Bikes. Ugh - I hate them. I was 8. My brother and I were riding our bikes to school for the first time. Something was causing my bike to make a clicking sound (even at a young age the OCD in me could not handle it). I noticed that when I kicked my front wheel it would stop. So that was how I proceeded to school. CLICK... CLICK...CLICK... KICK... silence. But the noise always started back up. I was growing increasingly impatient with this so I decided I was really going to show that front tire who was boss. This decision was poorly timed as it formed in my brain at the same moment that I began my decent down the largest hill on 99th Street. I kicked, missed my rim, lodged my foot in my front spokes and immediately stopped all forward motion of my bike. What resulted was a front flip over the handlebars, my teeth not clearing them and getting chipped in route, strait onto my rear with both elbows skidding down for some gnarly road rash. I sat there in the middle of the road, alternately looking at my brother who proceeded to school unfazed by his screeching little sister and my bike, trying to determine which one I felt more betrayed by.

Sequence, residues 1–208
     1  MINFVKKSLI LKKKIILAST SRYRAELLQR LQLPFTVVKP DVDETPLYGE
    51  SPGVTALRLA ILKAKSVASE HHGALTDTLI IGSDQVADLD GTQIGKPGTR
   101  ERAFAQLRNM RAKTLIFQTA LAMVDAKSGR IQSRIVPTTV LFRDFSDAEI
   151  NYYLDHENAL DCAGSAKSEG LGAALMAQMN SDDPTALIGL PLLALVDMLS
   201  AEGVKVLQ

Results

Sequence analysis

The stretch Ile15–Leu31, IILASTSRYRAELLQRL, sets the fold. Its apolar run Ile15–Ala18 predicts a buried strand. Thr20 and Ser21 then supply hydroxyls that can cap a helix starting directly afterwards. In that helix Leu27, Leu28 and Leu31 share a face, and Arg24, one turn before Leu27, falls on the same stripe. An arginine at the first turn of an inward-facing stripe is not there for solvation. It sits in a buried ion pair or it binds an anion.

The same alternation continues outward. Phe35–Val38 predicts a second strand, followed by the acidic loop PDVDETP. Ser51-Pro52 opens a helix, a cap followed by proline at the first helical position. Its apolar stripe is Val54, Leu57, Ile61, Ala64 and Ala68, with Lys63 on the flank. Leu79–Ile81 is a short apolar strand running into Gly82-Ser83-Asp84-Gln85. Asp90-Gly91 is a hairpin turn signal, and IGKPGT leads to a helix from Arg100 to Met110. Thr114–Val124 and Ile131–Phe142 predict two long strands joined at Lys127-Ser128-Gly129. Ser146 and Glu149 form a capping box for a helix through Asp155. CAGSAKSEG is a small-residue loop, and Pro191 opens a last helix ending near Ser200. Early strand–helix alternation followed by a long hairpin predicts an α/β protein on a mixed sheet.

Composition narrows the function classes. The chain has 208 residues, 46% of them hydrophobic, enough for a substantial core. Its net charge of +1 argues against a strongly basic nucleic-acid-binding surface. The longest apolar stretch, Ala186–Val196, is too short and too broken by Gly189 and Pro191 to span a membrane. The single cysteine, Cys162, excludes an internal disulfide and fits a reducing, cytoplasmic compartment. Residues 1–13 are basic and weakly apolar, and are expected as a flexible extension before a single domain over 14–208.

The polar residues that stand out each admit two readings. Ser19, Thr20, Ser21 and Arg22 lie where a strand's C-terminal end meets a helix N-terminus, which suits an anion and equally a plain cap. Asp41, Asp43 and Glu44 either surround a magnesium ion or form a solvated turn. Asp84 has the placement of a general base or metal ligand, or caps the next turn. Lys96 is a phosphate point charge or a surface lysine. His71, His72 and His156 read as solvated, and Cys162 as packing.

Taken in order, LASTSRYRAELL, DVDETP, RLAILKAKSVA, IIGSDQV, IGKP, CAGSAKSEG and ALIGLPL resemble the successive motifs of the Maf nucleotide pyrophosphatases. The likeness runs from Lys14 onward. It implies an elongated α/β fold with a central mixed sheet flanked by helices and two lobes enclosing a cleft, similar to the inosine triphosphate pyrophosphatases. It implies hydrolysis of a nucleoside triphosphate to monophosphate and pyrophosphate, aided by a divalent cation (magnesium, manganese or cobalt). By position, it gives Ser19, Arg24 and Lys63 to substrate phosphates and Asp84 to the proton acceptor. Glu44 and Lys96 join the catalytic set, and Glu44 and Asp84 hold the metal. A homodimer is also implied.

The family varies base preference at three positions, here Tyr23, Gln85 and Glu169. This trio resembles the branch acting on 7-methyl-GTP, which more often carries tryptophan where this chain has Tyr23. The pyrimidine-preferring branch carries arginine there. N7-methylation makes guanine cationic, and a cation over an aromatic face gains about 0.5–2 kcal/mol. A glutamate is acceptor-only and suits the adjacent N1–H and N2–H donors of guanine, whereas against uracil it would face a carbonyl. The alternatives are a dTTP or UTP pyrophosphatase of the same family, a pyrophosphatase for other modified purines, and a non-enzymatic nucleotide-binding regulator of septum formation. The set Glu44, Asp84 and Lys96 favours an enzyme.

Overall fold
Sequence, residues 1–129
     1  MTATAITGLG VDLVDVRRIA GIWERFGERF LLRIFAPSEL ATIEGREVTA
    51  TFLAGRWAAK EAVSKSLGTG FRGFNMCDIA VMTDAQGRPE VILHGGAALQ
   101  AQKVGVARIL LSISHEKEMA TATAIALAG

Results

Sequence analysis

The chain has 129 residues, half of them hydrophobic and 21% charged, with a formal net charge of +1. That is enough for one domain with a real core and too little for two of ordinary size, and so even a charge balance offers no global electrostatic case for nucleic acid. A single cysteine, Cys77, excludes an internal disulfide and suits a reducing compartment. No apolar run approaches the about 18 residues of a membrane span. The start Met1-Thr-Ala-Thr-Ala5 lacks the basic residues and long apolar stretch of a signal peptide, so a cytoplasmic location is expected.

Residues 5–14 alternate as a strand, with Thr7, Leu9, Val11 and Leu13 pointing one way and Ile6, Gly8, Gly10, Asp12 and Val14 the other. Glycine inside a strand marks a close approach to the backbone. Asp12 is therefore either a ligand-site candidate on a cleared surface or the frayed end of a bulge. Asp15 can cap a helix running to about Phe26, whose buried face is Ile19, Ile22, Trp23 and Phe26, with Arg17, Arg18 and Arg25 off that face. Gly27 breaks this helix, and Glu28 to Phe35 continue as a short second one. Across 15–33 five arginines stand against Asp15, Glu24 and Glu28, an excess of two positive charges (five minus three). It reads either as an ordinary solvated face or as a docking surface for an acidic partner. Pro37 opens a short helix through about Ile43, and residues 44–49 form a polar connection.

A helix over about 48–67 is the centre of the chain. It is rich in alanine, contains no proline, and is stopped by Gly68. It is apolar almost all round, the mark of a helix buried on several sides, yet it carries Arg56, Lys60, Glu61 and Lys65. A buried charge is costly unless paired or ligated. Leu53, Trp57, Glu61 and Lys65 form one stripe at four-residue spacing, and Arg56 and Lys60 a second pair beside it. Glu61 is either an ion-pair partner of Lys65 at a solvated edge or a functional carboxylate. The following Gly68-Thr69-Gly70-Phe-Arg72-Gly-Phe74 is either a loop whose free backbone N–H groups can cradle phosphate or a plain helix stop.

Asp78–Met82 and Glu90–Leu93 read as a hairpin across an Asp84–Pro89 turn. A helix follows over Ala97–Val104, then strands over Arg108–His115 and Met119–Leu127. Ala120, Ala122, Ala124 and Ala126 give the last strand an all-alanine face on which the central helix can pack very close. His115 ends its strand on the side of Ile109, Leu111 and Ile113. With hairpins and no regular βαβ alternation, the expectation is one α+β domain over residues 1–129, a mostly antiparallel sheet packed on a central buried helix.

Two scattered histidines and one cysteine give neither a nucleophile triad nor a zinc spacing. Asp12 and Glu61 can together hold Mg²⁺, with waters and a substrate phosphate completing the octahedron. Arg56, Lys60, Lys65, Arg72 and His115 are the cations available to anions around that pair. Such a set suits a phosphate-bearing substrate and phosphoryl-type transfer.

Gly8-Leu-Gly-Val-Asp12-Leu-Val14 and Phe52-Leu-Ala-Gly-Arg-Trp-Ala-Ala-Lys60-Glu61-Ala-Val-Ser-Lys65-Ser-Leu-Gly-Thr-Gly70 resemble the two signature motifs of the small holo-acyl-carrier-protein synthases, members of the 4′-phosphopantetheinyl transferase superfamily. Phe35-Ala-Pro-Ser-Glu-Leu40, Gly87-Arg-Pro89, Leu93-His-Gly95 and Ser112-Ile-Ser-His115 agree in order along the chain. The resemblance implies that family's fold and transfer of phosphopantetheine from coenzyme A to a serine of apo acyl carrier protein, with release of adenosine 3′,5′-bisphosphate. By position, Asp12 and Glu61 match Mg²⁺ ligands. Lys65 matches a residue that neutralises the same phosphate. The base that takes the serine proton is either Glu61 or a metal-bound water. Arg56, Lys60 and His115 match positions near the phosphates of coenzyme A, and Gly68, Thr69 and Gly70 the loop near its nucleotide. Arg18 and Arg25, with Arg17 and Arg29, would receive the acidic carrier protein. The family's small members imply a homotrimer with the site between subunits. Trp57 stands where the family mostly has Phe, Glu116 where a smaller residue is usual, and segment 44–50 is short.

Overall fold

Prompt #3:
You asked about coffee and I could tell you nothing.

You now ask about ice cream and I could tell you everything.